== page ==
The tweet will be, “Don’t just show up without preparation. Be like a chef.” People will get that because everyone knows a chef, if you’ve hosted any dinner party, don’t show up when people are arriving to eat. That analogy is fantastic. Going back to the mindset, I want to get your thoughts, Mark, on rejection. People have such a fear of rejection. Since that falls under mindset, any tips that you have in your book or in life on that?

TSP Mark | New Sales Approach

Raise Your Standards: The Definitive Guide to Building Seven-Figure Sales

I saw this study back a couple of years ago or so. I believe that about 90% of all the prospects that you meet, at any given time, aren’t ready to do business with you. Only 10% are ready to do business now. I was having this conversation with a client who was putting all of this weight into every single meeting. He was psyching himself out, to be honest with you. He’s trying to change almost his entire business model because 1 or 2 people have said no to him. We had this conversation, “Not everybody’s going to be ready that day to sign on the line that is dotted, especially the higher end and the higher level of service, widget or product that you provide.” You know this better than anyone, John, when selling luxury goods. Not everybody’s ready to drop six figures on something.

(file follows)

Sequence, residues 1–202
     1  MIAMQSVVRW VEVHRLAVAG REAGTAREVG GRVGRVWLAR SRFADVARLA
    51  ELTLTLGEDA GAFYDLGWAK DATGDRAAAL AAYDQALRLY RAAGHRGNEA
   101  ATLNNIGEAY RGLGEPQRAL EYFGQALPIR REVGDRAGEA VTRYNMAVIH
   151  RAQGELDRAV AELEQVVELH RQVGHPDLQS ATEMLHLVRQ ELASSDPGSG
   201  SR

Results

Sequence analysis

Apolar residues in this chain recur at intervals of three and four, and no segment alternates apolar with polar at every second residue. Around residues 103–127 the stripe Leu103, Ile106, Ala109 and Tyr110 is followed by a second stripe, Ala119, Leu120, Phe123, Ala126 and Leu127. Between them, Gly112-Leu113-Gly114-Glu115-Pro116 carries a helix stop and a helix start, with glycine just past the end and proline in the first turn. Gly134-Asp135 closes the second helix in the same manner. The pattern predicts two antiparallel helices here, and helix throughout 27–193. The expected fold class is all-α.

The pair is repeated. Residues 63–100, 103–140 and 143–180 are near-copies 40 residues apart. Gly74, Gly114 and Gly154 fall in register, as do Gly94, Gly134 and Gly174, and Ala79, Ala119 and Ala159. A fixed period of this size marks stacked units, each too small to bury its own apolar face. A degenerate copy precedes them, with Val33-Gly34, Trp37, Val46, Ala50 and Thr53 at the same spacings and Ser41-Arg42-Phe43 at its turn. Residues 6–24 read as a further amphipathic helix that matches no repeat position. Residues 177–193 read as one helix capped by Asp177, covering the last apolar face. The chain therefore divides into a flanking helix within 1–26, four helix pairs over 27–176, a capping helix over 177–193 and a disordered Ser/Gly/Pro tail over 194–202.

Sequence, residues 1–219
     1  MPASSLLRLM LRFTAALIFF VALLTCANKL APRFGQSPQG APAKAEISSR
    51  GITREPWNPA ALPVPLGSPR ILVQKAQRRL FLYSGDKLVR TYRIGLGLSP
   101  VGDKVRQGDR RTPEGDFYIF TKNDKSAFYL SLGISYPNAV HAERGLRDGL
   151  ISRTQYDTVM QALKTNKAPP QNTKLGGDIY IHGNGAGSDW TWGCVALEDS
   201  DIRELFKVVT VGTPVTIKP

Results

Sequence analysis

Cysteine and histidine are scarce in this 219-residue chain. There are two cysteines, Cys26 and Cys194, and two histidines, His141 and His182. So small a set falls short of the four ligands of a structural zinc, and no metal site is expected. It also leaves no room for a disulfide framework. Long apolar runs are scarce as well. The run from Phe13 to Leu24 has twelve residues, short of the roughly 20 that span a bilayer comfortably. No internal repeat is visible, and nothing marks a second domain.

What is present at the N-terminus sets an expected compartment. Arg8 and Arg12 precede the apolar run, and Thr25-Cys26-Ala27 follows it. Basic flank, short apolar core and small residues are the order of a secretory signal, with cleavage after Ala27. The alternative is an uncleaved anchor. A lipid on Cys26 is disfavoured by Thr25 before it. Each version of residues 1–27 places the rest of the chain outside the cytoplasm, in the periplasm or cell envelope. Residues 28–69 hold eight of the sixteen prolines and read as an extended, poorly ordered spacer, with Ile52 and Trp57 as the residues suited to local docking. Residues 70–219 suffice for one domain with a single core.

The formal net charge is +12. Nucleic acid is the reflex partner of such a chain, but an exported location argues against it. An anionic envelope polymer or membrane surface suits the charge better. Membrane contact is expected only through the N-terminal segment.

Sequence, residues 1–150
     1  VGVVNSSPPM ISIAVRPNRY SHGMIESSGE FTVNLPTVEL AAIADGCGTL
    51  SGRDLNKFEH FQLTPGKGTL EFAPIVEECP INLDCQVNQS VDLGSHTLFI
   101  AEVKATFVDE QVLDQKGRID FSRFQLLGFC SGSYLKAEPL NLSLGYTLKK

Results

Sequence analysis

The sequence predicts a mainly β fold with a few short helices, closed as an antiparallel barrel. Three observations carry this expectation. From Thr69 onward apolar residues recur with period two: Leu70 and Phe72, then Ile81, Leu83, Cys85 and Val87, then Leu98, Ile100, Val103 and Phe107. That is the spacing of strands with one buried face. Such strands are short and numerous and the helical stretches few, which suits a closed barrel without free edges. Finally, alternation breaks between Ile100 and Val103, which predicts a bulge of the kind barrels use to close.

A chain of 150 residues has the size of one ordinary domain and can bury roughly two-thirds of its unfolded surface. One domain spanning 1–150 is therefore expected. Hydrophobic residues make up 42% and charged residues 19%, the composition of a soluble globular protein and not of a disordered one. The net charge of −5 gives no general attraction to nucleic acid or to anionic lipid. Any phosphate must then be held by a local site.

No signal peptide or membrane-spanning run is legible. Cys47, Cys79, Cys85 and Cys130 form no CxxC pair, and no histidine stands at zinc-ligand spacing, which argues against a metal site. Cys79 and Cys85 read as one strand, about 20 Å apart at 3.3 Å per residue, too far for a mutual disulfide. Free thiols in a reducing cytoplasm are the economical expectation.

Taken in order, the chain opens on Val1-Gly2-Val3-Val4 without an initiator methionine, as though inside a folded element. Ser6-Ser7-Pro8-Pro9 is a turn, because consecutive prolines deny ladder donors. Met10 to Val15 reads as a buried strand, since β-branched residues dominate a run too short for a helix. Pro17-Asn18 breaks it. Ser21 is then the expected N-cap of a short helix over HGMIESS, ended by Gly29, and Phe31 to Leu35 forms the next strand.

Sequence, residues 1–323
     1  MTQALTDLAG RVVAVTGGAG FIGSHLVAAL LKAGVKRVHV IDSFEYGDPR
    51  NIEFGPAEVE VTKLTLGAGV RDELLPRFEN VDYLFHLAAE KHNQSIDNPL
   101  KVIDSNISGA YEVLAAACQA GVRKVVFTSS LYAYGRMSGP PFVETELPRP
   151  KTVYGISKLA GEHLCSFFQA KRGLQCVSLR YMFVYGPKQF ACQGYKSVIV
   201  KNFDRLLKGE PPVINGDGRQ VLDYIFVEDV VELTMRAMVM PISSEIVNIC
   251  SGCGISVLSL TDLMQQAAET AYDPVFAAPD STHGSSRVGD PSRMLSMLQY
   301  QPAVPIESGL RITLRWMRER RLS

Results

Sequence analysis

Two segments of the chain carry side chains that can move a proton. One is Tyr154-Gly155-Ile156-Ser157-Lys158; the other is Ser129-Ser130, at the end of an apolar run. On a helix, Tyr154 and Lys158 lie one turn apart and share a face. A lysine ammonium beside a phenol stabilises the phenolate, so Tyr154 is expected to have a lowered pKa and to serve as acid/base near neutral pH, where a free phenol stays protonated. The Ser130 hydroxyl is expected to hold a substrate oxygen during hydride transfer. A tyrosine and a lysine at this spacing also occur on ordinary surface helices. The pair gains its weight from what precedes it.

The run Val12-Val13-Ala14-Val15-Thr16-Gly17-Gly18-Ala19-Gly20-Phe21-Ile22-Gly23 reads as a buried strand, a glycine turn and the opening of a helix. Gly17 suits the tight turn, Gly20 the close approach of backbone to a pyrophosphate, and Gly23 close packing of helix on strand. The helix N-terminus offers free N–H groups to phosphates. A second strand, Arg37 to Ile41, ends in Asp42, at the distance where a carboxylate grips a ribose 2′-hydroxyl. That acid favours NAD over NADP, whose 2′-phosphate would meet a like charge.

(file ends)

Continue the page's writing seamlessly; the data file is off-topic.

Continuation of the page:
The next part of this is the actual selling and there are a lot of different steps to that. Do you reverse engineer it? Do you think to yourself before you even start building rapport, “How can I create a win-win?”

In creating a win-win and creating that type of scenario, you’ve got to have that in your mind. You’ve got to go in with some intention, but I caution salespeople to come in because I’ve been in situations where what the salesperson thinks I’m coming in for and the solution that I want are apart. We’re almost like train tracks where this person is going in one direction and I want to go somewhere else or we’re completely apart. I do a little reverse engineering, but honestly, I just want to be curious in sales conversations. That curiosity is a lost art and a lot of salespeople could benefit from being curious about the other person across the table, the company, the solution and where that company or person is trying to go.